Plants

Robin Wall Kimmerer is a mother, scientist, decorated professor, and enrolled member of the Citizen Potawatomi Nation. She is the author of Braiding Sweetgrass: Indigenous Wisdom, Scientific Knowledge and the Teaching of Plants and Gathering Moss: A Natural and Cultural History of Mosses. She lives in Syracuse, New York, where she is a SUNY Distinguished Teaching Professor of Environmental Biology, and the founder and director of the Center for Native Peoples and the Environment.

World Agriculture Network

We’ve all heard the terms ‘organic’ and ‘sustainable’ agriculture, but what do those descriptions really mean?

Utah Public Radio explores this question with soil scientist Jennifer Reeve. She presents “What is Organic and Sustainable Agriculture, Anyway?” on Monday, July 15th. 

Two New Wildflower Species Discovered In Logan Canyon

Dec 21, 2018
Leslie Forero

You would think that scientists would know how many species occur in an area, especially one as well-populated as Cache County. But scientists at Utah State University just discovered two new species of wildflowers that only occur near Logan – and they think more are out there.

Plants taxonomy identification
Intermountain Herbarium, Utah State University

If you’re a scientist studying any kind of plant or animal species, you’ve probably come across Symbiota. But, if you’re like me and that’s not your cup of tea, you may have never heard of it.

Montana wildlife.
Wilderness.org

The head of the U.S. Fish and Wildlife Service is stepping down after a 16-month tenure in which he proposed broad changes to rules governing protections for thousands of plant and animal species.

Spokesman Gavin Shire said Thursday that Greg Sheehan will step down next week to return to his family and home in Utah.

A puffy white dandelion head disintegrates in the wind in front of a blue sky.
Britannica

According to the new research from Utah State University, how a plant disperses its seeds is related to other life history strategies.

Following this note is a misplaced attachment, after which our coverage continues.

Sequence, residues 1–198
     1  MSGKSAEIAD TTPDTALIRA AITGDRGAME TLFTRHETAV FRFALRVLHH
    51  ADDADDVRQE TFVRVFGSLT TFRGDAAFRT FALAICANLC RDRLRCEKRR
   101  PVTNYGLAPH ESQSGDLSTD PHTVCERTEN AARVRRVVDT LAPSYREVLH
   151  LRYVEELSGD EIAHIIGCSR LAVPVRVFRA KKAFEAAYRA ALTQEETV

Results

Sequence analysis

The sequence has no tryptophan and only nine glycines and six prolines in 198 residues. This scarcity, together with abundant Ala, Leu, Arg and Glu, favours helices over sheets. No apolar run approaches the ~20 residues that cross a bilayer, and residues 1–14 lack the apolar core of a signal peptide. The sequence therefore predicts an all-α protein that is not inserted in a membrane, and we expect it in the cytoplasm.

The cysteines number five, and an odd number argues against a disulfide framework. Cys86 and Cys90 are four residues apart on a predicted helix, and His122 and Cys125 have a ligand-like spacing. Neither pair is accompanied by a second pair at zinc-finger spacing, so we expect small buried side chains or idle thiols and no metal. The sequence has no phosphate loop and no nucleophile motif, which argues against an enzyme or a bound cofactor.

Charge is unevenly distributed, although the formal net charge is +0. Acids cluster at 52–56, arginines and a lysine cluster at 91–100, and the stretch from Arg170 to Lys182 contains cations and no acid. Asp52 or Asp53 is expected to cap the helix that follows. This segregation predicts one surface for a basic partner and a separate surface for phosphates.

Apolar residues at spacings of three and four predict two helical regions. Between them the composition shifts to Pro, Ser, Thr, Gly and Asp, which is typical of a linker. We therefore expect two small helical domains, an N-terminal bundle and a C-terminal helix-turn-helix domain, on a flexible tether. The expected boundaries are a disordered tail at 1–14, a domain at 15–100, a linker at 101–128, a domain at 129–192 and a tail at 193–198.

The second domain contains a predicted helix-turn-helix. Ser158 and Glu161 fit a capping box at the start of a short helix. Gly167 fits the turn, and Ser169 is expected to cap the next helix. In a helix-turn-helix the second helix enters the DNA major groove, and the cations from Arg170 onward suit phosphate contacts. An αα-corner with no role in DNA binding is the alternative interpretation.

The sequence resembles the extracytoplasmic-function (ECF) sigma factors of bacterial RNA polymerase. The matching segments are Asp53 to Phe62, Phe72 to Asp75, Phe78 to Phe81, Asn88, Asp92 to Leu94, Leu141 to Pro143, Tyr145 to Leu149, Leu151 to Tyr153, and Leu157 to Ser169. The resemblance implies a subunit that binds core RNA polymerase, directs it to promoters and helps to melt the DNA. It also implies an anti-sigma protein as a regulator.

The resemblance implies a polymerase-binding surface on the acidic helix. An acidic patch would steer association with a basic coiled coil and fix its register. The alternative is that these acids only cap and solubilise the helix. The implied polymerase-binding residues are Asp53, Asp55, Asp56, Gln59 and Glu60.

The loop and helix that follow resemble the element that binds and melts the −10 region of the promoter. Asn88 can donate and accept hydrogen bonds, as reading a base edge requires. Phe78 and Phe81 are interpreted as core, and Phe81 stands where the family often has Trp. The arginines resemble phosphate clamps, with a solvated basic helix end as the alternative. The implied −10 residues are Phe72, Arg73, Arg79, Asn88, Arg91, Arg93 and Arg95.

Seed dispersal is the movement or transportation of seeds away from the parent plant.

U.S. Fish and Wildlife

As human populations increase and construction developments overtake agricultural land and wildlife habitat, some people may feel as if there is little hope for local connections to nature.  Don’t raise the white flag of surrender.  There is much you can do in your own yards to help attract wild songbirds and butterflies.

Paul Wolf / Intermountain Herbarium

In a basement below a cafeteria, researchers and scientists gather in what is the Intermountain Herbarium.  It is a little used Utah State University campus resource that serves an important purpose.

Andrew Kulmatiski / Utah State University

For sagebrush lovers, fire is scary.  It destroys the native shrubs, grasses and wildflowers, leaving cheatgrass in its wake. Cheatgrass displaces native seedlings, destroys wildlife habitat, and increases the chances that fire will reoccur.  

Thorsten Becker / Wikimedia

In the Namib Desert of southern Africa, strange circles dot the landscape as regularly as polka-dots on a dress. The bare spots are ringed by lush grass. These structures are known as fairy circles.  The fairy circles repeat for miles – and how they came to be is hotly debated. Scientists are divided regarding their origin:  animal or vegetable?

Algae As A Source Food For Livestock

Sep 28, 2015
Diego Mendiola

Friday, in a follow up to Growing Algae From Fracking Wastewater As A Biofuel, the research team at USU is finding new ways to feed the world as well, they have found that algae is high in protein and in nutrients.

 

In a small, shanty greenhouse a churning machine spins disks and barrels covered in black green colored algae. The researchers here are testing the most efficient way of growing these multipurpose organisms.

Utah’s mountains and foothills blaze with the brilliant foliar colors of aspens, maples, sumacs and more. But autumn colors can be found in less likely habitats too, even across our flat, desolate salt pans. There the usually drab stage has been given a splash of deep, dusty rose color by its sole botanical performers, the pickleweeds.